The change will mark a major shift to renewable and other cleaner forms of energy for America’s second largest city within 12 years.
On Tuesday, commissioners at the Los Angeles Department of Water and Power (DWP) moved forward with plans to dump the utility’s interest in a coal-burning plant in Arizona and convert another one in Utah to natural gas. The plants provide nearly 40 percent of the city’s energy to a population of 3.8 million
Those changes, coupled with new commitments to renewable power, would make the city coal-free in 12 years – something broadly welcomed by environmentalists.
“Los Angeles is setting an extraordinary example to other fossil fuel dependent US cities that they too can end their dependence on coal and switch to renewables,” said Bellona President Frederic Hauge. “If America’s second largest city can do it, so can the rest.”
Hauge and Bellona Advisor Svend Søyland, however, acknowledged that Losa Angeles’s plans would have eventually materialzied as a result of market forces anyway.
“Before we pop the champagne for Los Angeles’s Mayor, let’s remember that this is a trend primarily driven by market forces and the ‘dash for gas,” said Søyland. “There will be a benefit from shifting to gas. If the methane leaks at the gas wells in the shale gas operation exceeds 3.2 percent the entire benefit [to net emissions reductions] dissapears.”
The switch off of coal comes two years earlier than a state-imposed deadline that requires the utility to be coal-free by 2027, when its contract with Utah’s Intermountain Power Project runs out.
But it is five years later than a target set by Mayor Villaraigosa at the outset of his second and final term, when he pledged to drop coal completely by 2020. Shakeups in DWP leadership, the failure of several renewable energy proposals and the grip of long-term contracts with out-of-state power producers have kept the mayor’s goal out of reach, the Los Angeles Times reported.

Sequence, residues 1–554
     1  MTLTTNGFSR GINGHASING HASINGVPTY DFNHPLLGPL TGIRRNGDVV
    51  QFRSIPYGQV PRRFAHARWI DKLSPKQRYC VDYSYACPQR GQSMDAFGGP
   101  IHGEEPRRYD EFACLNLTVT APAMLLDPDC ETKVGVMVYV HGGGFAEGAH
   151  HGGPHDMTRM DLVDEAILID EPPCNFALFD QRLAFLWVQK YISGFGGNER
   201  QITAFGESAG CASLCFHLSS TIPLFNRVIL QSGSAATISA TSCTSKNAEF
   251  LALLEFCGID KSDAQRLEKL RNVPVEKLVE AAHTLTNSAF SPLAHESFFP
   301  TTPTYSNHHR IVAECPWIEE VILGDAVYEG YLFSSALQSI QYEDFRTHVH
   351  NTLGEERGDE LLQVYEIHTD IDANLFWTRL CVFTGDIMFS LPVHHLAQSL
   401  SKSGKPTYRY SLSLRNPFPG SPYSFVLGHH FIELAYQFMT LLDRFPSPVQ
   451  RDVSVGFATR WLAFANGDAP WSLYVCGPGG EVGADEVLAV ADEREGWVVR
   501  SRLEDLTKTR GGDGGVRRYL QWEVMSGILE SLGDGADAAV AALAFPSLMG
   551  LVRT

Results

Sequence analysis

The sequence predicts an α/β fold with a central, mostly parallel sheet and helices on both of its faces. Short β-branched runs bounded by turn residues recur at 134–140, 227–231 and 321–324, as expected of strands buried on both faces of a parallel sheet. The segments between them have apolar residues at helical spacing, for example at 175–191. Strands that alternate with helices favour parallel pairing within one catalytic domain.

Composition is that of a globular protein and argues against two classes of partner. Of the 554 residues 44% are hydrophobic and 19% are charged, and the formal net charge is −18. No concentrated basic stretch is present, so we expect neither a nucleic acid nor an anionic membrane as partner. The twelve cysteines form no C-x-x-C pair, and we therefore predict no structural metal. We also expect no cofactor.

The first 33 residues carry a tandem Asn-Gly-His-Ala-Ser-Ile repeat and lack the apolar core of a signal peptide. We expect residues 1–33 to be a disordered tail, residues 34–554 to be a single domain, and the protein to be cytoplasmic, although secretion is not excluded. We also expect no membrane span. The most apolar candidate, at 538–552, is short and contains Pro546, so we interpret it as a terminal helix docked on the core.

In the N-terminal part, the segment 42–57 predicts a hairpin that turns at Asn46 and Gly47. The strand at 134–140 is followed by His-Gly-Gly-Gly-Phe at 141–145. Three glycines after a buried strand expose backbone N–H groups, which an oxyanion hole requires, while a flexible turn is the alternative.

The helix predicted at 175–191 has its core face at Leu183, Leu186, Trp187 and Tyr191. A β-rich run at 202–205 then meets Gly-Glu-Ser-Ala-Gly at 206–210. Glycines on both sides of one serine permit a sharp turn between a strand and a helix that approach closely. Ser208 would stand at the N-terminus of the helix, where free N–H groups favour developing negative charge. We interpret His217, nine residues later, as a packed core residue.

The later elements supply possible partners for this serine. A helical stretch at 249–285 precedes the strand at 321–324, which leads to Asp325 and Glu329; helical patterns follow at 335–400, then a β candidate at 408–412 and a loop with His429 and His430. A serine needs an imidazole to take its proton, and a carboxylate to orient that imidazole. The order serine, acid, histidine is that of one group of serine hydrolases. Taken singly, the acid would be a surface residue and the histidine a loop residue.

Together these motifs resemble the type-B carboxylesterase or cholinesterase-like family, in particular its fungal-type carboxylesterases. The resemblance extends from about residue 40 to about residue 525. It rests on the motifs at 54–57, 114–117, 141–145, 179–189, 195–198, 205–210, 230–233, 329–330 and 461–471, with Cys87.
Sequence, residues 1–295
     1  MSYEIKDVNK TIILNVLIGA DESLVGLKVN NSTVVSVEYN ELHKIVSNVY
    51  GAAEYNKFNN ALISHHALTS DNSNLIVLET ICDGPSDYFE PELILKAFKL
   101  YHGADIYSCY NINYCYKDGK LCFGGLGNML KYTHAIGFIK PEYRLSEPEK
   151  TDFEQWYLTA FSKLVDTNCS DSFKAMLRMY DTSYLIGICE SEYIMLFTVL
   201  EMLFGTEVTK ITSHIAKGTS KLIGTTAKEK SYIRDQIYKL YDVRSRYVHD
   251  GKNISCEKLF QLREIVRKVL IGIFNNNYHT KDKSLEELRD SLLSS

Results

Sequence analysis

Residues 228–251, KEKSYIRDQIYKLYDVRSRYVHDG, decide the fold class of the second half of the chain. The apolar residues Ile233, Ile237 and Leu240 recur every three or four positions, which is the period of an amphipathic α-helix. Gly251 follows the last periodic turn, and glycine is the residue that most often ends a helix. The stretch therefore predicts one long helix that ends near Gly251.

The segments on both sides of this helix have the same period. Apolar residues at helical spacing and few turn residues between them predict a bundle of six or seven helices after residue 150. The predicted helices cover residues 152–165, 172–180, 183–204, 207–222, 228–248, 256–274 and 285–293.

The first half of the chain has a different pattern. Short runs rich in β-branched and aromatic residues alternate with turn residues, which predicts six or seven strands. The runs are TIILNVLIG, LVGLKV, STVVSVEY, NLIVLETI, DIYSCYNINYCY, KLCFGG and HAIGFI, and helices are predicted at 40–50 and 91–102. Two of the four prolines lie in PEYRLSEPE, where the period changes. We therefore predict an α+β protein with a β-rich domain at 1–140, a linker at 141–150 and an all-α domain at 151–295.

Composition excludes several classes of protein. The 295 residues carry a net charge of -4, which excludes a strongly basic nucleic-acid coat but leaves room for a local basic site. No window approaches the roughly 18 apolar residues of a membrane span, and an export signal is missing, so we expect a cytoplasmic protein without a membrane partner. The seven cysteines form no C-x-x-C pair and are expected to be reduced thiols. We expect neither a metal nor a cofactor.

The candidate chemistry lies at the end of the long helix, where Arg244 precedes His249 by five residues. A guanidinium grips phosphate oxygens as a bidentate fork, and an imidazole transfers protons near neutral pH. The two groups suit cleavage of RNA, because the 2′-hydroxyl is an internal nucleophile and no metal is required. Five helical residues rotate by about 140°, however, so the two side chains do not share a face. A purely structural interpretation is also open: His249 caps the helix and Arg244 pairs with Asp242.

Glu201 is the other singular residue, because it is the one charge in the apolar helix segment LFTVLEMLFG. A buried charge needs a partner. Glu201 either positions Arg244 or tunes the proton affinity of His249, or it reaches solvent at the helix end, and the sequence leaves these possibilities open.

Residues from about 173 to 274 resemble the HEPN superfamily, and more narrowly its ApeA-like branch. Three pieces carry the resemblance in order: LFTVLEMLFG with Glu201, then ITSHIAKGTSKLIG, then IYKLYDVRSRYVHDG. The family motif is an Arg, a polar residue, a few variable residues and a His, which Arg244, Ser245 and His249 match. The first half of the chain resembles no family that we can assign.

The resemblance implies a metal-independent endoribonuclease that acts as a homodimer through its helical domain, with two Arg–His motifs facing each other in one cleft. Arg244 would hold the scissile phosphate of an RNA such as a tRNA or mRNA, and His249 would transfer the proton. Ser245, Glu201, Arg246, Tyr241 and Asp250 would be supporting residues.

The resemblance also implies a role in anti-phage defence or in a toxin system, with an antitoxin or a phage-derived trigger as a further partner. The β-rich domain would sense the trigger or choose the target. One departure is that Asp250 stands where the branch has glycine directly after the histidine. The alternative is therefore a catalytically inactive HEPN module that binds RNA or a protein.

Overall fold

Still, Villaraigosa is expected to burnish his environmental credentials with the move.
He declared victory Tuesday, calling the coal divestment plan “game-changing” even though it won’t meet the timeline he set.
“I believe the only way to get the goal is to set aggressive timetables,” he told the newspaper. “Climbing mountains that have never been climbed before [isn’t] easy.”
Villaraigosa’s office issued a news release with a congratulatory quote from former President Bill Clinton and announced the plans for a Friday news conference celebrating the measures with environmentalists and Gore whose efforts to make climate change won him a shared Nobel Prize with the United Nations Climate Panel in 2007.
The city’s DWP is in negotiations to sell its 21 percent share of the Navajo Generating Station in Page, Ariz., which will allow the utility to stop receiving power from the plant by 2015, four years before its current contract is up.
Getting free of coal at the Intermountain Power Project in Delta, Utah, is more complicated because the DWP does not own the plant and is bound by contract to buy its power through 2027.
On Tuesday the Board of Water and Power Commissioners approved an amendment to its contract with Intermountain Power to allow the plant to transform its power supply to cleaner natural gas, the Los Angeles Times said. The gas plant would be smaller than the current one, freeing up space along existing transmission lines for new renewable energy projects.
The plan still requires the agreement of the Los Angeles City Council.
Cost questions linger
But questions remained about how much the plan would cost. The utility’s commissioners did not discuss how the changes would affect electricity rates for customers.
A report released by the utility last year estimated that ending coal-power consumption at the Utah plant four years ahead of schedule would cost nearly $1 billion over four years in higher replacement fuel costs and other expenditures.
DWP General Manager Ron Nichols told the Los Angeles Times that the exact costs will be determined over time.
But he said that getting out of contracts that require the city to buy coal is a smart move, given new federal regulations that will require many coal plants to make costly improvements to reduce emissions in the future.
“It’s the least risky approach forward for us,” he said.
The DWP’s ratepayer advocate said he supported the acceleration of the phase-out of coal, but that he wants to see more details about how the city will provide reliable power, and at what cost.